Another group of people - their number is unknown - are currently staying at a Phnom Penh hotel, where they have been screened for the coronavirus. The first 406 results have been negative, Holland America Line said, adding: "Cleared guests may travel home, and arrangements are being made for those guests."
Holland America Line is working with officials from Cambodia, Malaysia, the Centers for Disease Control and Prevention, and the World Health Organization. Although it remains unknown when the remaining passengers will be able to head home, the company said no one else who is onboard the ship or who has been put up in a hotel has tested positive for coronavirus.
"We are in close coordination with some of the leading health experts from around the world," Dr. Grant Tarling, chief medical officer for Holland America Line, said in the statement. "These experts are working with the appropriate national health authorities to investigate and follow-up with any individuals who may have come in contact with the guest."
A breeding ground for 'confusion,' 'chaos,' and 'frustration'
Holland America Line also pointed to the steps it had taken while people were still on board, including checking each person's temperature and having them fill out a health screening questionnaire. Officials in Cambodia also reviewed the passengers' passports to ensure that one had traveled through mainland China for at least 14 days prior to the Westerdam cruise's kick off. All tests came back negative, it stressed.
"During the voyage, there was no indication of COVID-19 on the ship," the statement said. " The guest who tested positive did not visit the ship's medical center to report any symptoms of illness. An additional 20 guests who reported to the medical center during the cruise were tested by health officials for COVID-19, and all results were confirmed negative."
Passenger Elly Chybowski, who is at the Sokha Hotel in Phnom Penh with her husband, Timothy, told USA Today that guests receive two updates a day and also have the support of the local US embassy staff.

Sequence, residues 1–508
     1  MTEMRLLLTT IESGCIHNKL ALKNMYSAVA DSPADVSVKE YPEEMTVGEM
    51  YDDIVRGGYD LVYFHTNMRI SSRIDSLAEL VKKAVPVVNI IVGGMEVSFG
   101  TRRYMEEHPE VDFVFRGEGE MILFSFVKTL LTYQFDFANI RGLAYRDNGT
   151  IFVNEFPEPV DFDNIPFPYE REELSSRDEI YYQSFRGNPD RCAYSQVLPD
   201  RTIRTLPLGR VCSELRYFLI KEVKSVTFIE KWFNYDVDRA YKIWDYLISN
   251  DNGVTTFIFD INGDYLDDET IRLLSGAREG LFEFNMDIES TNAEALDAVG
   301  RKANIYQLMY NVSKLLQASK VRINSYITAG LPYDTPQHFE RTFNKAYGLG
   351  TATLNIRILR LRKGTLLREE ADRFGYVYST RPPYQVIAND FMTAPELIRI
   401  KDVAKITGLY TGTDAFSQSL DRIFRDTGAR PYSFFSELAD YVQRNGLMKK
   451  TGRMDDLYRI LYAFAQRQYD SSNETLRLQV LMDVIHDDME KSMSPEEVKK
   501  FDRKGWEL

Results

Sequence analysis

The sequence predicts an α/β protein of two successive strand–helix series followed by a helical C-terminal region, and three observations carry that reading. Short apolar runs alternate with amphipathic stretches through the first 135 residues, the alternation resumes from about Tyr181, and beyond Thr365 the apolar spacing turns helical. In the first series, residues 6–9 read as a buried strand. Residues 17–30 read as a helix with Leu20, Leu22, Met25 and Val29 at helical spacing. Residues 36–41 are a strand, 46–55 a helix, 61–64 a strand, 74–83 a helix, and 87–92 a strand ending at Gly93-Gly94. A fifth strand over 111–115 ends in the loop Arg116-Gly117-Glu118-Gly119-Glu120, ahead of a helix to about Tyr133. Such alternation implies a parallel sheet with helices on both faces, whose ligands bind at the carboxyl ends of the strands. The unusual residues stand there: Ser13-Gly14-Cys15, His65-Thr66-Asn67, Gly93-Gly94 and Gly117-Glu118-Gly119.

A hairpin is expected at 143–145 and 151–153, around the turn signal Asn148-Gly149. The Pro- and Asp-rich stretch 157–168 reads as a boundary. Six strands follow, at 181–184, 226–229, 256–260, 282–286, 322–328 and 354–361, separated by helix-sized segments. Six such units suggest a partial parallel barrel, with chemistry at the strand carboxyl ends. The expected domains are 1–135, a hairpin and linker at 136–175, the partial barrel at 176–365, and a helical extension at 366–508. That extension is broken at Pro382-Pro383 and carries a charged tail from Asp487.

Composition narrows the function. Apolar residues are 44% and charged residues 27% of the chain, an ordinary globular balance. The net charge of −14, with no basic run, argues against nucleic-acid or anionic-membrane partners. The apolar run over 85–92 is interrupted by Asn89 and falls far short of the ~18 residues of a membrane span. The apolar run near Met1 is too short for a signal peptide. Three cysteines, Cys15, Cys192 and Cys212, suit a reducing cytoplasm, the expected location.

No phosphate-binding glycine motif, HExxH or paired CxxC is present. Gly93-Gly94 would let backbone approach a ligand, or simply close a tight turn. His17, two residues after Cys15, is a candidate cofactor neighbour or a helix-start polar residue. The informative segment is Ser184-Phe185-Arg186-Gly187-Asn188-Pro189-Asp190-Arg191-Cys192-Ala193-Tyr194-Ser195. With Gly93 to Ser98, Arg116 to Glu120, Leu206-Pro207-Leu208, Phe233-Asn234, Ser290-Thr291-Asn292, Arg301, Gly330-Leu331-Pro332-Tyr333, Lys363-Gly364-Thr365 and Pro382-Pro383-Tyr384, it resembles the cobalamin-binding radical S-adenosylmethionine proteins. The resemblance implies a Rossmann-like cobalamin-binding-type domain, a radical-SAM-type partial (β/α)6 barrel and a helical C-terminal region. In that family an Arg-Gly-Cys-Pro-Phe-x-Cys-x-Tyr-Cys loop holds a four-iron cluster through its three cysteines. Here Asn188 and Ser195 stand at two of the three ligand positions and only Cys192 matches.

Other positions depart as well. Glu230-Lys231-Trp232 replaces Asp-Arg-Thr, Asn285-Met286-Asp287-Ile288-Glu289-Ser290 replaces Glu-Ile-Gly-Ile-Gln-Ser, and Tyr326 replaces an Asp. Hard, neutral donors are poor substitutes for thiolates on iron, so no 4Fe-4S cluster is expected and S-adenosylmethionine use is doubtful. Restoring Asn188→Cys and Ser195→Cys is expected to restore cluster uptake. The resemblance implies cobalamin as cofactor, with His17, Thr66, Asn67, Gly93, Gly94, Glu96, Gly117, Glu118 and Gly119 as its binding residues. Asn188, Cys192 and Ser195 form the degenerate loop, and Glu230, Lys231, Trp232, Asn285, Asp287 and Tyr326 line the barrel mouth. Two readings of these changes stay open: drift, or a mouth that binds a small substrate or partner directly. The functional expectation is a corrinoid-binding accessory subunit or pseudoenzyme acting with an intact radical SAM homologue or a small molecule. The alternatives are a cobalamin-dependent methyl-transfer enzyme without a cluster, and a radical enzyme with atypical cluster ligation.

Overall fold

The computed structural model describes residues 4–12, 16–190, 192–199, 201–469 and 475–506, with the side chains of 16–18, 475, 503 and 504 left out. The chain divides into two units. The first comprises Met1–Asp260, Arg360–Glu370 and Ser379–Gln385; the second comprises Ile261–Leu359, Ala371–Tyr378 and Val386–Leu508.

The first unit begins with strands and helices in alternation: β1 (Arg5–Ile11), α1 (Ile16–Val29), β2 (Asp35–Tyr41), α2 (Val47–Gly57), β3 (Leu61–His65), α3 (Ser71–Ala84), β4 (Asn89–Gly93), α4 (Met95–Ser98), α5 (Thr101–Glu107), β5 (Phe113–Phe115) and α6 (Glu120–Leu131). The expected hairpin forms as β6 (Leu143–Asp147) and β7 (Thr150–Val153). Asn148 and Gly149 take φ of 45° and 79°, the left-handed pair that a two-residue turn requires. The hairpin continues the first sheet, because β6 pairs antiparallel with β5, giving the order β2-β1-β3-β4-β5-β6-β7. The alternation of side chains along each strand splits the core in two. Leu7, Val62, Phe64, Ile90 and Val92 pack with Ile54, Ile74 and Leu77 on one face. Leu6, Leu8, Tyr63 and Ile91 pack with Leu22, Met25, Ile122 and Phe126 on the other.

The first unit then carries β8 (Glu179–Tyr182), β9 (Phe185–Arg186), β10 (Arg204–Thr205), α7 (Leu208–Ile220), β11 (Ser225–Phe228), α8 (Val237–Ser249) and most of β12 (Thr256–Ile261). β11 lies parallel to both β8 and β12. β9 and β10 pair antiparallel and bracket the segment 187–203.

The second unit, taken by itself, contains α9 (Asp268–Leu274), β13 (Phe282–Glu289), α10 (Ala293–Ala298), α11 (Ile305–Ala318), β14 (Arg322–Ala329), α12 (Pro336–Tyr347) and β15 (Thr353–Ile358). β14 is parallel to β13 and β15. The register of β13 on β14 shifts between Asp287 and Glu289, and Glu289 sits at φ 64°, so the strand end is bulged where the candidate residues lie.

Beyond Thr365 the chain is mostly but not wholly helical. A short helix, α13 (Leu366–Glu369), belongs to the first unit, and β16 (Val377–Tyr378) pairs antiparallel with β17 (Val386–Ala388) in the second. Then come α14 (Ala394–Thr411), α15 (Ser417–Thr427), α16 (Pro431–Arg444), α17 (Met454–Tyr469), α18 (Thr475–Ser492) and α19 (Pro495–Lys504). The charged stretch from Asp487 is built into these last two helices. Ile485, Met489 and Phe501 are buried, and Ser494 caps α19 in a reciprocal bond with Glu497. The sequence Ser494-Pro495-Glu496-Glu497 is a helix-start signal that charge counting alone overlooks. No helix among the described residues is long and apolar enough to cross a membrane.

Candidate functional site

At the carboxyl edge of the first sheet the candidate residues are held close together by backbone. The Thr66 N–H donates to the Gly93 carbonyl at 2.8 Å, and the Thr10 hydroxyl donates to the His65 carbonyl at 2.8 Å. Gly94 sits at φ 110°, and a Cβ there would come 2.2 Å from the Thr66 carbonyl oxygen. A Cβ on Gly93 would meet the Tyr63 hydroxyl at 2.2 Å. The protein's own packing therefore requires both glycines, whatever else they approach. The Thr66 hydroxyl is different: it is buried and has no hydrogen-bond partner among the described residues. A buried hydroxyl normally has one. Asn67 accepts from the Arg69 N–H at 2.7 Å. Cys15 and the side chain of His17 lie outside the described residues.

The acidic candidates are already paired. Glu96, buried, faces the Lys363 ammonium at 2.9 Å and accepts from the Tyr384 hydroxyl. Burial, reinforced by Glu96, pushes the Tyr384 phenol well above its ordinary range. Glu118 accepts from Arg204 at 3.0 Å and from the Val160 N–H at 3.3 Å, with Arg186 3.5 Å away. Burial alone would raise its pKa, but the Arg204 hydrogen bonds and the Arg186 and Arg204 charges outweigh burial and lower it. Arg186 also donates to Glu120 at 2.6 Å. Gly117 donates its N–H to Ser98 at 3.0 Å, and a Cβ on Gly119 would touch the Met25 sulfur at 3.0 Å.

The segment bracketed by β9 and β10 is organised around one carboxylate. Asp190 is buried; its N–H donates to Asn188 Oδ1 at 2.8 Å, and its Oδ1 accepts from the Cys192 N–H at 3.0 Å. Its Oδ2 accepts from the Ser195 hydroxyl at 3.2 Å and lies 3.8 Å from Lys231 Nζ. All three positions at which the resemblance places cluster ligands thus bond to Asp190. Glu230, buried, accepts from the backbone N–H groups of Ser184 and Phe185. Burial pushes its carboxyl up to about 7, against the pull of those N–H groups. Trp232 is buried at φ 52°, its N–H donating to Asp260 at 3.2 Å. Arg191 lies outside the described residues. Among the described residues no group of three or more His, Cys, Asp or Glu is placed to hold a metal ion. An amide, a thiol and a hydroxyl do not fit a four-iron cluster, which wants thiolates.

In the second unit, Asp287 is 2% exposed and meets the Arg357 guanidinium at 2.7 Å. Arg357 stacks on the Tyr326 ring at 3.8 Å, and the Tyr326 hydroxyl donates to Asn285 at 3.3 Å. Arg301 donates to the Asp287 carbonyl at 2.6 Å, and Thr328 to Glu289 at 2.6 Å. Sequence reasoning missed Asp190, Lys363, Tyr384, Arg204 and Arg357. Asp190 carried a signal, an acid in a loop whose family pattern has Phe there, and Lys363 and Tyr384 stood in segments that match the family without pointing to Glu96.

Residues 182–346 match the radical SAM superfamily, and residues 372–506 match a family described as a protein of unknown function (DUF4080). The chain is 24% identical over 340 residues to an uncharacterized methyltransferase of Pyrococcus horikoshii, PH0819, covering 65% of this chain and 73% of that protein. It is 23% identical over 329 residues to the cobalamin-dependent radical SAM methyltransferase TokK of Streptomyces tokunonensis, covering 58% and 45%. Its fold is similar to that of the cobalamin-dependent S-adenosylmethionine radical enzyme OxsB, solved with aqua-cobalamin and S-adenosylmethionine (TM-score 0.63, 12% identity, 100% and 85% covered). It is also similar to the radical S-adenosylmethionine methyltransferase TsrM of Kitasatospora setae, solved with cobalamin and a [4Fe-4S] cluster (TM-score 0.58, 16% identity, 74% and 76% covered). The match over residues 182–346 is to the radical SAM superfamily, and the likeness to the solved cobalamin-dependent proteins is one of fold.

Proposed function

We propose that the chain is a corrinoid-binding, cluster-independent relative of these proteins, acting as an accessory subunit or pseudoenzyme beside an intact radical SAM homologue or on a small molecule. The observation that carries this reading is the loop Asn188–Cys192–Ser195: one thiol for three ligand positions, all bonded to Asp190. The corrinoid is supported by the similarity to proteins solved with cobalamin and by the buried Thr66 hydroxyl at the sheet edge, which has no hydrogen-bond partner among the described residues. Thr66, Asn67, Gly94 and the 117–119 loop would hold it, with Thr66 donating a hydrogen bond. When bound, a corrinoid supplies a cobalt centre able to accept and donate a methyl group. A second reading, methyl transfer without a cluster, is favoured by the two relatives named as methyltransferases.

"Today they had posted that several more countries will not let us fly through," she said.
When passengers' travel arrangements are finalized, they will be given a letter that discloses their test results. No one at the hotel has tested positive for coronavirus, but the anxious passengers "have been told not to leave the hotel in case we are assigned a flight," Chybowski said to USA Today.
Steve Muth, of Michigan, described a similar experience to USA Today, noting, "Everything is a mess right now."
Traveling with his wife, their daughter and her boyfriend, Muth recalled being told by Holland America Line that their tickets were ready. But news of the one ill patient further changed the course of their trip.
They're still waiting, Muth said, adding, "(It's) just a lot of confusion, chaos, [and] frustration."
From Cambodian revelry to a 'terrible and frightening' coronavirus test
Passenger Christina Kerby, who chronicled the goings-on aboard the Westerdam, said on Twitter that passengers were welcomed to Cambodia with flowers, traditional scarves, and even a visit from Prime Minister Hun Sen.